Postcards is a statement of flight, both metaphorical and musical, the end product of an altogether admirable indulgence in tangible whimsy.

The wonderful thing about this construction is that the focus, while ostensibly concerned with “the rest of the world,” is in reality a portrait of the most private things imaginable. The concerns are both within and without. I can see the afternoon light filter into the house through the smoke of Scott’s Dunhills, I can smell the wine being poured, I can hear Karla’s laughter as the pair happens upon a particularly amusing idea.

The vast majority of the Idea Fire Company catalog finds Scott Foust and Karla Borecky augmented by any number and combination of their friends and associates. However, like Anti-Natural and Music from the Impossible Salon, Postcards is a duo record. Without the distraction of guests, IFCO is allowed to function solely according to their own ideals.

The results are extraordinary. The fact that I heard the pieces as they were in development, then again when they were released on cassette, then played a number of them live, then had a test pressing of the LP for months, and then was still thrilled and surprised when I held the completed package in my hands and played it as it exists now should display something of the fantastic transportational capabilities of this record.

While the elements themselves may not surprise fans of IFCO’s previous records – Karla’s wonderfully evocative piano playing, Scott’s queasy and atmospheric trombone playing, the otherworldly synthesizers and perfectly-placed snatches of radio static, let alone the inclusion of “Port Lligat” (die-hard fans will smile knowingly to themselves) – the overall picture serves to remind us that records can, at their best, offer us a fully realized narrative, a glimpse of emotional possibilities, a call to more energetically inhabit the potential of our own imaginations and experiences.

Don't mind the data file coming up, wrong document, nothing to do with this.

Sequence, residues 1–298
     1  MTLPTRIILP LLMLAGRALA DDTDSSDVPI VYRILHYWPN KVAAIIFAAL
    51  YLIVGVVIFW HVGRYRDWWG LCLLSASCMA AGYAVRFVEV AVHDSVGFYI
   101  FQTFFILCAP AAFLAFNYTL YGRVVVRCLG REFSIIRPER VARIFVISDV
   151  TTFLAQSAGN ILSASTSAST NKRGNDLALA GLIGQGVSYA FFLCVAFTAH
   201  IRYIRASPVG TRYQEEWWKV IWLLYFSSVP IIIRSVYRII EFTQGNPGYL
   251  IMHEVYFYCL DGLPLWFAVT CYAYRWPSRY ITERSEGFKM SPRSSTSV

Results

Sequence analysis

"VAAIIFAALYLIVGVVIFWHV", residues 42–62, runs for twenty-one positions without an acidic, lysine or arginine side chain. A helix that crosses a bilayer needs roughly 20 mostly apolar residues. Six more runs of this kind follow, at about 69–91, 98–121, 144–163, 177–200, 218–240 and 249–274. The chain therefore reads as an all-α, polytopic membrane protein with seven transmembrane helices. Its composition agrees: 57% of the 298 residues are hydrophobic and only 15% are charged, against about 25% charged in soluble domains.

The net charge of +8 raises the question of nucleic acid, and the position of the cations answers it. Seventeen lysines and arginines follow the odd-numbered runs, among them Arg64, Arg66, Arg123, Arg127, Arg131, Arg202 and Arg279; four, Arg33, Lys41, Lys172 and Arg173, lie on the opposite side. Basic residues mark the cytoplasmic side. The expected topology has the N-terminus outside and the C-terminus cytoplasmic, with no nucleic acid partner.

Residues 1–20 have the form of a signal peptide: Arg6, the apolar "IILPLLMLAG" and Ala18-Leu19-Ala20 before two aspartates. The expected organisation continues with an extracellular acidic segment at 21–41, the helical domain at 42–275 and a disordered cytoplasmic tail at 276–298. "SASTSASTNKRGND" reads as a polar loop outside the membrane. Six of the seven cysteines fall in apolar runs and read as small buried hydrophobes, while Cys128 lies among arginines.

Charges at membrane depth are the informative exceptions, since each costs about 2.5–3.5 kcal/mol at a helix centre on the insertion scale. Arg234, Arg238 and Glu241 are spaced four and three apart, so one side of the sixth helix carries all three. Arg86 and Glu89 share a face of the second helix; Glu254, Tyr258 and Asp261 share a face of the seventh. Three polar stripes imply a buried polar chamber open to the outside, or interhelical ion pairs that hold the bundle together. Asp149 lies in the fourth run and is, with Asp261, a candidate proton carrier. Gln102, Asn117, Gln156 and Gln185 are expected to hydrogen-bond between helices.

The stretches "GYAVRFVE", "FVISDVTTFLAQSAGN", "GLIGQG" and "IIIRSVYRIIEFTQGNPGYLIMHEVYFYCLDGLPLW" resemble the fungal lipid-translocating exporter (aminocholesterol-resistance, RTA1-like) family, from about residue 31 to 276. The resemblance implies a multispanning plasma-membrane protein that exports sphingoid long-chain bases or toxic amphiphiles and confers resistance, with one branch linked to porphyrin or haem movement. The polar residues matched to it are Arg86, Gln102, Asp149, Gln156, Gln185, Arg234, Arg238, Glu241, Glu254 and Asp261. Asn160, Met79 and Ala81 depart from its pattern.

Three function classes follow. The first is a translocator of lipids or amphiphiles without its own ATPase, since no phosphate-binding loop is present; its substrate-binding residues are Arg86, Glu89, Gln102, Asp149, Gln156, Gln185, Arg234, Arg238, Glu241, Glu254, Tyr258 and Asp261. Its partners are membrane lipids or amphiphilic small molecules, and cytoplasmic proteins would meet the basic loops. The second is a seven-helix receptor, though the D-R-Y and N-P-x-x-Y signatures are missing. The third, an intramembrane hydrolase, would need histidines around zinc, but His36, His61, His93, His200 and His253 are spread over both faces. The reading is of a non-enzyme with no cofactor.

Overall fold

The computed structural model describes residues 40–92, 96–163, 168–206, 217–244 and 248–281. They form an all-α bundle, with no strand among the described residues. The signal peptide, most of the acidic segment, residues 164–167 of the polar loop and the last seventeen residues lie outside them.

I am sitting in an airplane in the sky. Great tides of air throw the plane this way and that. Despite all practical knowledge to the contrary, there is a very real feeling that the tides of air might hurdle the craft many thousands of feet to the ground. At first I feel panic, imagining what it might feel like to fall that far inside that metal shell. As my fantasy of doom plays out I feel sadness, and then, as I continue to dwell on it, I eventually feel calm. I let myself and my worries to go the air. My nerves, which have drawn taught every muscle in my body, furrowed my brow, and electrified my anxieties, slowly relax, and though the air jostles my body up and down and sideways, a soft smile spreads across my face. I take comfort in the fact that I have no control. Whatever will be will be, and no amount of worrying in the middle of the air will change that. I realize that this plane trip itself, and in fact all travel, is neither real nor imagined, how at the very least it could be as easily as it could not be. I think of the image on the cover of Anti-Natural, the lamp broken by the weight of snow, and I think of the terrible comet salt that will inevitably cover us all and freeze all the worry and ecstasy out of us. And then the fury of the tides of air in the sky subsides. The plane is set straight again. The journey continues in a comparatively drab and predictable manner, and I arrive at my destination safely. But the memories and sensations of danger, wonder, and comfort linger, never to fade.

And so Postcards, the latest LP by the Idea Fire Company….

I would ask the reader to forgive my blatant nepotism in writing this piece, and furthermore ask that the reader go a step further and attach the literal meaning of the word to this situation. While we may share no blood, I consider Scott and Karla family, and it is in that spirit of irrevocable love that this is written.